Robin Stewart: portfolio
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Moving Math

TeraFractal for Mac & iPad

Summary

TeraFractal combines real-time graphics rendering technology with an innovative direct manipulation interface that lets users intuitively experiment with fractals. After pioneering this concept on the desktop, I also created a touch-based version for iPad. The result is a tool that makes advanced math fun for 3-year-olds and PhDs alike.

Background

When I first came across fractals based on iterated function systems, the best software interfaces looked something like this:

Mockup of the legacy fractal rendering interface

You would type in some numbers, press “Render”, and get a fractal like this:

Fractal

Then you would go back to the fields of numbers, change some of them, and press "Render" again to see the result:

Fractal with some rotation

And after repeating this process many times, you might eventually converge on the fractal you were hoping for:

Fractal with many adjustments

This type of interface is the status quo for scientific computation software: set up parameters, render/simulate, view results. That workflow makes sense when it takes a relatively long time to perform the computation. But computers have gotten so much faster in recent years that in many cases the entire simulation can be run in a fraction of a second. The computer ends up spending 90% of its time sitting idle, waiting for the human to enter new numbers.

If results can be calculated and displayed within about a tenth of a second, then it is possible to achieve the experience of real-time control. Instead of the "render button" workflow, we can start using a direct manipulation interface where results are shown immediately.

This is exactly what I did for fractals.

Process

I had read about an efficient, randomized algorithm for rendering the types of fractals shown above, so I set about implementing it to see if I could get it to run fast enough. My first attempts were too slow; but by making full use of the graphics card (via OpenGL), I was able to get the rendering time below the tenth-of-a-second benchmark.

Next, instead of the arrays of text fields, I created an interface that represents fractal parameters as sets of colored boxes.

The colored-box interface for fractal parameters

The position, rotation, size, and shapes of the boxes all correspond to fractal parameters which can be easily changed by clicking and dragging the boxes and controls. Thanks to the earlier engineering work, all adjustments are reflected in the corresponding image in real time.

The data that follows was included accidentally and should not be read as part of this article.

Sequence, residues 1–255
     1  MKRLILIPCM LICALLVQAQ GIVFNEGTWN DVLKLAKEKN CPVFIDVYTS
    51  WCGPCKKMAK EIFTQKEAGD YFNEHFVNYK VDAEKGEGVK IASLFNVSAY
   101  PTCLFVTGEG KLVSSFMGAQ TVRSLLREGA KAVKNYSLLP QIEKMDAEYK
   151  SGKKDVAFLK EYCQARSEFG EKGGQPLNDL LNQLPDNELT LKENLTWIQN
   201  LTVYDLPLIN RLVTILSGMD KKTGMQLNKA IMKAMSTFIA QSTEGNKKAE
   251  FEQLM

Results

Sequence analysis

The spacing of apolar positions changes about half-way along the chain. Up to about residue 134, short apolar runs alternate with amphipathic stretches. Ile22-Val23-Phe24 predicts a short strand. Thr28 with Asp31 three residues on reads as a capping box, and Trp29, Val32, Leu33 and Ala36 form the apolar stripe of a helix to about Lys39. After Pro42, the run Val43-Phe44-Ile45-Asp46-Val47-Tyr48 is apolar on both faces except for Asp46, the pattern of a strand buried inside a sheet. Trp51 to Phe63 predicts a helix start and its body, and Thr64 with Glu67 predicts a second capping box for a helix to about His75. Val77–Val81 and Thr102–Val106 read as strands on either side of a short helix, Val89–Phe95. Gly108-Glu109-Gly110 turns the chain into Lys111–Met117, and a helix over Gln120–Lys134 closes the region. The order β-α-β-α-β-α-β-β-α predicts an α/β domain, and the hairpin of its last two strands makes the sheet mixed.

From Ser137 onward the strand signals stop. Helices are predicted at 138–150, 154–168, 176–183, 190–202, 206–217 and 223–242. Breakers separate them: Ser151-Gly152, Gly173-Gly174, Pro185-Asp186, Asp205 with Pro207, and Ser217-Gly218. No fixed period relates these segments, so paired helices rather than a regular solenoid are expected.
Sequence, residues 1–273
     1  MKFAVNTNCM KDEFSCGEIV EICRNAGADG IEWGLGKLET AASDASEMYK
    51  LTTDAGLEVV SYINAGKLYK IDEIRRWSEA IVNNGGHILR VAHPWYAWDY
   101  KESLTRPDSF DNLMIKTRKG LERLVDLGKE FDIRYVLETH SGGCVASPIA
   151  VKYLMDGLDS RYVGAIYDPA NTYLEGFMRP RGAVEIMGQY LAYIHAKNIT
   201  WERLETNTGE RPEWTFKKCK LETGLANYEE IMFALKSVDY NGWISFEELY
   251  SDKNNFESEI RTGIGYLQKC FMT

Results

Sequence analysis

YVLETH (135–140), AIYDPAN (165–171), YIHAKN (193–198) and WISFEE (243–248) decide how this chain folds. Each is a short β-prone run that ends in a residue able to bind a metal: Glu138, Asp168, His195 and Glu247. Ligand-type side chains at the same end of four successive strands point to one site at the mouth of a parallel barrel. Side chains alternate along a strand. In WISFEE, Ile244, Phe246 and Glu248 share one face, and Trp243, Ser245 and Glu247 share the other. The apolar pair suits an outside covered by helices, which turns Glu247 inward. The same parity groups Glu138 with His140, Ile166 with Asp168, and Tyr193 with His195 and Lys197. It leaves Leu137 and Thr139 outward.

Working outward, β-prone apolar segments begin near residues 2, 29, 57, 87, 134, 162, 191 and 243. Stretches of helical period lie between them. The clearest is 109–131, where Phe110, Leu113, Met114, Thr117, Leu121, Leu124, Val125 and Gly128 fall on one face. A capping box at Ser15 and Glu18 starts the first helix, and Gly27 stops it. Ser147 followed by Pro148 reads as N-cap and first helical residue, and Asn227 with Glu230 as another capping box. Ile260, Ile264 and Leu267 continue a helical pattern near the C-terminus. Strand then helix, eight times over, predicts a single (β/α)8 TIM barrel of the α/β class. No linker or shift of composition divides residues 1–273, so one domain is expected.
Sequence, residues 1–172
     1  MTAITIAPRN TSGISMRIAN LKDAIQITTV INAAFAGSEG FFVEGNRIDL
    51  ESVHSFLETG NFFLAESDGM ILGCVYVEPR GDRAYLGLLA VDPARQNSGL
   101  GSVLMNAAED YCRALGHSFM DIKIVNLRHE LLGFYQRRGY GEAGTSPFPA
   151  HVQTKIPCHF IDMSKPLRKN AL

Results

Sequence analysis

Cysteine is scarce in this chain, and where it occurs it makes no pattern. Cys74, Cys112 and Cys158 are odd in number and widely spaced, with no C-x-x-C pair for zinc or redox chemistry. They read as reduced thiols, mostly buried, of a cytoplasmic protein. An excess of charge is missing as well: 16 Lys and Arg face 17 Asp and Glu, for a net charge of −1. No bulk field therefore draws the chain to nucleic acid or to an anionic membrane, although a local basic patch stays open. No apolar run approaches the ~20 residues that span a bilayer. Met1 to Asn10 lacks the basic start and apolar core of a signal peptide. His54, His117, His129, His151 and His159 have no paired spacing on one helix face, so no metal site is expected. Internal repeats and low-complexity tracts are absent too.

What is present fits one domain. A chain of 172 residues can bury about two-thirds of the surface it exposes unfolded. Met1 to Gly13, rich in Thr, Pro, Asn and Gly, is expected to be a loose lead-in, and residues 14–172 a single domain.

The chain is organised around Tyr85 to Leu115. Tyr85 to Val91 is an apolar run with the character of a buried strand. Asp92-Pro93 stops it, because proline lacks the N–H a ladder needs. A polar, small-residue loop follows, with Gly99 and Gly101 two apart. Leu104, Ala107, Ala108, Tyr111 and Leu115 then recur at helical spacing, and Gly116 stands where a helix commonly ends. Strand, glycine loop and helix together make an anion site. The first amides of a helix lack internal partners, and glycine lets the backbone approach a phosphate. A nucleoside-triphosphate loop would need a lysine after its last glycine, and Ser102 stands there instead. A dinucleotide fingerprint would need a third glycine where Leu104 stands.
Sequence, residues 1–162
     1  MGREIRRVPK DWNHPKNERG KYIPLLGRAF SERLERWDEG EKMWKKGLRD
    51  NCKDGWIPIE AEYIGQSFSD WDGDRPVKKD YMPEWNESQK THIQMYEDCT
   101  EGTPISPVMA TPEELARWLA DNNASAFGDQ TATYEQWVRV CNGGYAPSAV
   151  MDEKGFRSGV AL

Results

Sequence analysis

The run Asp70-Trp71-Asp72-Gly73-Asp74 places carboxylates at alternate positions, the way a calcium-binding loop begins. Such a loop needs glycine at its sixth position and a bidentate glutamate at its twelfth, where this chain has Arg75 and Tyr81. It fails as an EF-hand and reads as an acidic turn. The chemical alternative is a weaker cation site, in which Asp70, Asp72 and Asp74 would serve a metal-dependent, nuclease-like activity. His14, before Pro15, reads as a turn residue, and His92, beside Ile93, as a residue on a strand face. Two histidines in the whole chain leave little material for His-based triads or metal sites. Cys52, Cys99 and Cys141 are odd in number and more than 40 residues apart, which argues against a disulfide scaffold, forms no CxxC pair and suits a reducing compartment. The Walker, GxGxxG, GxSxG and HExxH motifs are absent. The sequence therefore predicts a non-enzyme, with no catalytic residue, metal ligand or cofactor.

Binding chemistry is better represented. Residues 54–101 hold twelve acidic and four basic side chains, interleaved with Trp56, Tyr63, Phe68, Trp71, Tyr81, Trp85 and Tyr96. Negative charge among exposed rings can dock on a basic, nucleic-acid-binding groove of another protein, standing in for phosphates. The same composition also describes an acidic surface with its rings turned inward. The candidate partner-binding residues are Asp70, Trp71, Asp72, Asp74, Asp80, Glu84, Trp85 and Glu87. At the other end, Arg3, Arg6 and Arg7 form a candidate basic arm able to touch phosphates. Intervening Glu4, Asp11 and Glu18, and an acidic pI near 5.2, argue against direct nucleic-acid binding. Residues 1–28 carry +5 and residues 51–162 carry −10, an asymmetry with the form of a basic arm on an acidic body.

A fractal created with the new interface

In the video below, I use this interface to quickly create a lifelike fractal.

Iterations

When the iPad was released, I realized that it presented an opportunity to take this idea further. Instead of adjusting the control boxes, wouldn't it be interesting if you could directly manipulate the fractal itself with your fingers? I envisioned an even simpler user interface: an iPad as a window onto a fractal.

Vision of a fractal iPad app

First I needed to adapt the rendering algorithm to the less-powerful mobile processors in an iPad. Once I had gotten that to run within a tenth of a second, I turned my attention to the touch screen.

Instead of using the colored boxes from the desktop app, I mapped the parameter space onto the same area where the fractal was being drawn. For example, dragging with one finger adjusts the virtual box closest to where the drag started. But since you can't see the box, it feels like you're manipulating the fractal image itself.

I started experimenting with more gestures to adjust the rotation and scaling factors. What ended up working best was a combination pinch-and-rotate gesture that adjusts all of the parameters simultaneously, depending on the absolute and relative positions of your two fingers on the screen.

Next Steps

The invisible-box interface is fun because it feels like manipulating the fractal directly. However, it can also be frustrating because it's such a black box. It's hard to get to specific fractals because the interface doesn't provide enough clues about the current state of the underlying parameters.

I'm working on ways to achieve the best of both worlds. My favorite idea so far is to overlay the fractal with translucent touch controls:

Translucent touch controls for adjusting fractal parameters

The positions of the rings and the positions of the knobs relative to their rings concisely represent all of the fractal parameters. These controls can also be dismissed with a tap to return to an unimpeded view of the fractal image.